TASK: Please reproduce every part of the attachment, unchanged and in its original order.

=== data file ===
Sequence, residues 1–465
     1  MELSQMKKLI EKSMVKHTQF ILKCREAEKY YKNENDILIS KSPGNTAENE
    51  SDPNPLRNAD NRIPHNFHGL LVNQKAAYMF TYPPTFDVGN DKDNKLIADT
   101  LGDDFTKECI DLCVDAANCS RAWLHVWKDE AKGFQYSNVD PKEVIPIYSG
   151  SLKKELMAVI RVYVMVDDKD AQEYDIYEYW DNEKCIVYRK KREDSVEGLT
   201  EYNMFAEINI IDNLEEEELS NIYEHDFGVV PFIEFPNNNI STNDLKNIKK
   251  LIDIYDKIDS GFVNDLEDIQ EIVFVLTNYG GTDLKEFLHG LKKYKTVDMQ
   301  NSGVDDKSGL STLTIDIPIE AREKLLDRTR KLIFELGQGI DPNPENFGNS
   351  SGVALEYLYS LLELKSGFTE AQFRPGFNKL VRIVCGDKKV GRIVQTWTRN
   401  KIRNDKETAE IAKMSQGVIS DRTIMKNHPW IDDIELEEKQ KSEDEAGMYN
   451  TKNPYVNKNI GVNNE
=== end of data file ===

Sequence, residues 1–465
     1  MELSQMKKLI EKSMVKHTQF ILKCREAEKY YKNENDILIS KSPGNTAENE
    51  SDPNPLRNAD NRIPHNFHGL LVNQKAAYMF TYPPTFDVGN DKDNKLIADT
   101  LGDDFTKECI DLCVDAANCS RAWLHVWKDE AKGFQYSNVD PKEVIPIYSG
   151  SLKKELMAVI RVYVMVDDKD AQEYDIYEYW DNEKCIVYRK KREDSVEGLT
   201  EYNMFAEINI IDNLEEEELS NIYEHDFGVV PFIEFPNNNI STNDLKNIKK
   251  LIDIYDKIDS GFVNDLEDIQ EIVFVLTNYG GTDLKEFLHG LKKYKTVDMQ
   301  NSGVDDKSGL STLTIDIPIE AREKLLDRTR KLIFELGQGI DPNPENFGNS
   351  SGVALEYLYS LLELKSGFTE AQFRPGFNKL VRIVCGDKKV GRIVQTWTRN
   401  KIRNDKETAE IAKMSQGVIS DRTIMKNHPW IDDIELEEKQ KSEDEAGMYN
   451  TKNPYVNKNI GVNNE